What are third party rights?
Third party rights are rights conferred by contracting parties upon a person who is not a party to the contract. Such rights have long been recognised in Scots law under the common law doctrine of jus quaesitum tertio, meaning 'the third party has acquired a right'.
In order to be established under the current law the contract must:
- identify the third party;
- show an intention of the contracting parties to confer a benefit; and
- provide a benefit which is unalterable and irrevocable.
It is this last requirement which is the major cause of concern here, as it means that the third party right cannot be altered or cancelled in response to changing circumstances. This has meant that the Scottish approach has often been considered too restrictive to be of practical value and is therefore rarely used.
Why are they important?
In the context of group companies for example third party rights can be of particular use. They can permit each group company which has suffered loss due to the failure of a supplier to have an enforceable claim, notwithstanding that they are not a party to the contract.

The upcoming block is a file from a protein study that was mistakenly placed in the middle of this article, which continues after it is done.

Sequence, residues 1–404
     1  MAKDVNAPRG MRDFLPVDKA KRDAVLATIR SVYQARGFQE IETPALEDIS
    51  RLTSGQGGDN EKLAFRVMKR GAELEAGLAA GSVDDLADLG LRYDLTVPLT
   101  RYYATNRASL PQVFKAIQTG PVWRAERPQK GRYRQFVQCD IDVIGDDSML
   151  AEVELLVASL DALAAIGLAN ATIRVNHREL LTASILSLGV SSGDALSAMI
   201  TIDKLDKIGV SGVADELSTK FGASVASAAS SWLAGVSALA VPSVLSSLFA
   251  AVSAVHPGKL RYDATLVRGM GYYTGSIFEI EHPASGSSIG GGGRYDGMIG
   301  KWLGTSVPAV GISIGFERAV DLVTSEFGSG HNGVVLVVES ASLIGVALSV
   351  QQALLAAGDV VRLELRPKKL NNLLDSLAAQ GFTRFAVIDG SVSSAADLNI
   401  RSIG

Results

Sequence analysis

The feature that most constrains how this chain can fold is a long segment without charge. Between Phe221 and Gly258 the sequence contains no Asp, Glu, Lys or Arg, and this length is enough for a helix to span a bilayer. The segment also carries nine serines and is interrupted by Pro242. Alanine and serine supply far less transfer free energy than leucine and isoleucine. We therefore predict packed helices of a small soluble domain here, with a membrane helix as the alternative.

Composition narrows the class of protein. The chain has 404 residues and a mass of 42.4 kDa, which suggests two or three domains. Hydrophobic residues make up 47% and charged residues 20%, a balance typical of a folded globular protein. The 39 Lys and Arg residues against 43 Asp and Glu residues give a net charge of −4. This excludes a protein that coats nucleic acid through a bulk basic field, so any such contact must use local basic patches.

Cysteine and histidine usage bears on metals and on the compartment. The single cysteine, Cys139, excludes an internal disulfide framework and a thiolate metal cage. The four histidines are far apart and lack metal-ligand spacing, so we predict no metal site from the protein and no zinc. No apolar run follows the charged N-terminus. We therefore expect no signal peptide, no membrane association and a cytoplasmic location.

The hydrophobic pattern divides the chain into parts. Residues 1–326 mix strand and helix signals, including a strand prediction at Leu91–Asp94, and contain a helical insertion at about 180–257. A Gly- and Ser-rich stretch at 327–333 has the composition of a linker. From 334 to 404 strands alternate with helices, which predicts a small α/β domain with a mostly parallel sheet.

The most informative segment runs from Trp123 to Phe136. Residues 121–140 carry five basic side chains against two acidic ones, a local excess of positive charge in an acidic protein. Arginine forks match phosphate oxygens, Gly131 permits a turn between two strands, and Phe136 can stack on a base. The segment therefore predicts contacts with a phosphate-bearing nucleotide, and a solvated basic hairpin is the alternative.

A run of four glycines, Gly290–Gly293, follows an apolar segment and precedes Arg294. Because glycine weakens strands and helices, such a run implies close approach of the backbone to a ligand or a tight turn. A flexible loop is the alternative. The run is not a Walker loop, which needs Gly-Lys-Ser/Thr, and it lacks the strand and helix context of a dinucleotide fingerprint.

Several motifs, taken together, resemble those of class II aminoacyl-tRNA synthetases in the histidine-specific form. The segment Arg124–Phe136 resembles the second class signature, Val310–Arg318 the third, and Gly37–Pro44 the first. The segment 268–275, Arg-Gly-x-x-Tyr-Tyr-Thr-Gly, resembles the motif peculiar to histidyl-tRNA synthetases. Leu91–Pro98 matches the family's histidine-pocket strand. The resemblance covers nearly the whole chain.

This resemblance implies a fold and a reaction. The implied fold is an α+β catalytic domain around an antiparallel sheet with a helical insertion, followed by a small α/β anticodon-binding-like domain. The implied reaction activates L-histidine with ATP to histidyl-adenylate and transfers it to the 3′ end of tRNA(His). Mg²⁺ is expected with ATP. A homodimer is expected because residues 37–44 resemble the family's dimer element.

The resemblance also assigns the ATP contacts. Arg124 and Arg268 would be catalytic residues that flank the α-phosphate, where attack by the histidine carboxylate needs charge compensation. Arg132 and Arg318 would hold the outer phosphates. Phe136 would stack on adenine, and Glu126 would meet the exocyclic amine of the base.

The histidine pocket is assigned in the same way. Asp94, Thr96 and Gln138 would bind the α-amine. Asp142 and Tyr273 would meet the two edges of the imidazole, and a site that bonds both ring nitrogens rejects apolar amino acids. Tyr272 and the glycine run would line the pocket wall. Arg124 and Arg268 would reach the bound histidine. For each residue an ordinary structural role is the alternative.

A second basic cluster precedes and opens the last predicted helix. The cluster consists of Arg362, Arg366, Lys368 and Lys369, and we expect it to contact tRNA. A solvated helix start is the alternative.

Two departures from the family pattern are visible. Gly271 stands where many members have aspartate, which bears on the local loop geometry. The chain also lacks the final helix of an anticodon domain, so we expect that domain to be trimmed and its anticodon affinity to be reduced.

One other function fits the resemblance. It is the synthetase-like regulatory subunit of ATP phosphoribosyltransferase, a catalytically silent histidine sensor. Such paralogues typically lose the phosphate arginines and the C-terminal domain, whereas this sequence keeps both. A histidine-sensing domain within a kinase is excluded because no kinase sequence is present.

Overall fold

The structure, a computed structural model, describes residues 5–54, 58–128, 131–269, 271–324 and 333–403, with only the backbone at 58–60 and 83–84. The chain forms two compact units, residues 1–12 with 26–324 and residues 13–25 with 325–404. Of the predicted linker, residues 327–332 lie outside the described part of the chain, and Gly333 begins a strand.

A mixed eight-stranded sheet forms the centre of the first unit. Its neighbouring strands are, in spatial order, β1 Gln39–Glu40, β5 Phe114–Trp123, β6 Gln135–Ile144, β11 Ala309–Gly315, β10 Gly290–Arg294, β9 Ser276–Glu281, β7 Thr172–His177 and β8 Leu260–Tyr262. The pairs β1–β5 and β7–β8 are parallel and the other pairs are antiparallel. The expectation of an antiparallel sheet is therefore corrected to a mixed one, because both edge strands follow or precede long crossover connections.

However, under the current Scots law position, it is unlikely that such third party rights would be given and as such only the entity with the direct contractual relationship would be able to bring such a claim. In fact, such is the polarisation in this field, some Scots law governed contracts will instead contain a third party rights clause governed by English law which makes reference to the much more flexible 'Contracts (Rights of Third Parties) Act 1999'.